- Research article
- Open Access
White blood cell count in birds: evaluation of a commercially available method
BMC Veterinary Researchvolume 15, Article number: 93 (2019)
To conduct a hematological analysis of avian blood samples, standard automated cell counting is unreliable because all avian blood cells are nucleated. Therefore, quantitative white blood cell counting in birds is still performed manually, whereby the Natt-Herrick method is widely used in veterinary laboratories. The aim of this study was to evaluate a new commercially available single test system for avian white blood cell counting, the Natt-Herricks-Tic®, which would allow easy in-house analysis by clinicians or technicians. A total of 40 avian ethylenediaminetetraacetic acid (EDTA) blood samples from 24 different species were included in the study. To assess method agreement, each blood sample was analyzed for total white blood cell count with the test method and the Natt-Herrick reference method. To determine the imprecision of the reference method and the Natt-Herricks-Tic® method, the noncorrected white blood cell count was determined ten consecutive times from one avian EDTA blood sample for each method.
The Natt-Herricks-Tic® method performed well concerning staining quality and countability of the granulocytes by the hemocytometer. In the agreement study, the Natt-Herricks-Tic® method showed a small proportional systematic error with a small positive mean bias of 282 white blood cells/μL but had wide 95% limits of agreement (− 4683 cells/μL to 5227 cells/μL), indicating random error. The precision study resulted in a coefficient of variation of 16% for the Natt-Herricks-Tic® method (the mean ± standard deviation: 9.7 × 103/μL ± 1.5 × 103/μL) and 23% (the mean ± standard deviation: 7.9 × 103/μL ± 1.8 × 103/μL) for the reference method.
The Natt-Herricks-Tic® method showed acceptable precision for a manual method and demonstrated good agreement with the reference method. It can be recommended as a reliable and suitable method for determining white blood cell counts in avian EDTA blood if nonstatistical quality control measures are used in the daily routine. The application of individual reference intervals for the interpretation of white blood cell counts in birds may improve the diagnostic performance of this important analyte in a clinical setting.
Hematological analysis is an essential diagnostic part of the clinical management of avian patients to evaluate their health, clinical disease progression, and response to therapy . To analyze avian blood samples, standard automated cell counting used in mammalians is unreliable because all avian blood cells are nucleated. In impedance-based hematological instruments, the nuclei of the avian erythrocytes interfere with those of white blood cells after lysis of the cells, or the lysing solutions are unable to lyse the avian blood cells adequately . Therefore, quantitative white blood cell counting in birds is still performed manually with a hemocytometer.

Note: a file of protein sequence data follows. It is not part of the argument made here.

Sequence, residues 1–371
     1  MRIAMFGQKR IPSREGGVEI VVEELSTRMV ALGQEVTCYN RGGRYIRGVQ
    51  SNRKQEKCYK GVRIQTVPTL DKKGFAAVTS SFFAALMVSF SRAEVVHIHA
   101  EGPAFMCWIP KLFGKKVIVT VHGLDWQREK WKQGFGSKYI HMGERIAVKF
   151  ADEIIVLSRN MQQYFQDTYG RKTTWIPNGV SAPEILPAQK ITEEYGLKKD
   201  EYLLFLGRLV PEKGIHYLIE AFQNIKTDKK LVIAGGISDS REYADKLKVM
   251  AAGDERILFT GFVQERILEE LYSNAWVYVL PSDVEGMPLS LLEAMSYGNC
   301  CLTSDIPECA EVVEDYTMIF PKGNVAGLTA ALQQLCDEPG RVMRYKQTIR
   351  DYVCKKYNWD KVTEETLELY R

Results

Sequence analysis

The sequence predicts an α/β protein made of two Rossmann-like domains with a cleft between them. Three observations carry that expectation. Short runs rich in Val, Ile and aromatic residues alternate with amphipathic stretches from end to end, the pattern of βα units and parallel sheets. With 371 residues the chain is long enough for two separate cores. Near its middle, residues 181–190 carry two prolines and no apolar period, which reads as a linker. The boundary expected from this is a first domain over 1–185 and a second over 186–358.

First activities in counting white blood cells in avian blood began in 1906 by Warthin . After several attempts by other authors to optimize dyes and counting procedures, Natt and Herrick refined the protocol and developed an indirect method to count avian white blood cells using a stable buffered saline solution containing methyl violet 2B, a stain commonly referred to as Natt-Herrick solution; this method has the advantages using a single dye for all cells that is stabile for a long period of two years, and the shape of the cells is retained after staining . A disadvantage of Natt-Herrick solution is the difficulty to differentiate thrombocytes from lymphocytes, thus creating significant counting errors. Therefore, in the author’s Laboratory a modification of the original Natt-Herrick protocol for avian WBC counting is in use for the last 25 years, which includes the counting of only the granulocyte population in the hemocytometer, followed by a manual blood smear differential of 200 WBC and adding the lymphocyte and monocyte counts to the granulocyte counts. With this technique, avian WBC count is easier to perform and much more reliable.
Another very common quantitative counting method was the Unopette method [2, 4]. This method was based on the principle that avian eosinophils and heterophils stain with phloxine B, a red dye. However, the Eosinophil Unopette 5877 stain kit from Becton Dickinson, Rutherford, New Jersey that used this dye was removed from the market in 2007. As a replacement method, the Leukopet kit from Vetlab (Florida, USA)  is now available.
Estimation of white blood cell numbers on a stained blood smear is a technique available to most practitioners because it requires no special equipment. Thus, the average number of white blood cells evaluated in at least 10 high power fields (40 x objective) is multiplied by 2000 to obtain an estimated total white blood cell count per microliter . This technique is less precise than a hemocytometer-derived white blood cell count .
All manual methods including the Natt-Herrick method are time consuming and require highly trained technicians .
To overcome some of the inherent problems of avian blood analysis and to facilitate avian white blood cell counting in a clinical setting or private practice, a commercially available, prefilled and single test system for avian white blood cell counting, the Natt-Herricks-Tic® (Bioanalytic GmbH, Umkirch, Germany) has been developed, which is evaluated in the present study. In this study, agreement between the Natt-Herricks-Tic® and a laboratory reference method (Natt-Herrick solution) was determined. Furthermore, the within-run precision for the test and the reference method were assessed, and ultimately, the practicability of the Natt-Herricks-Tic® was judged.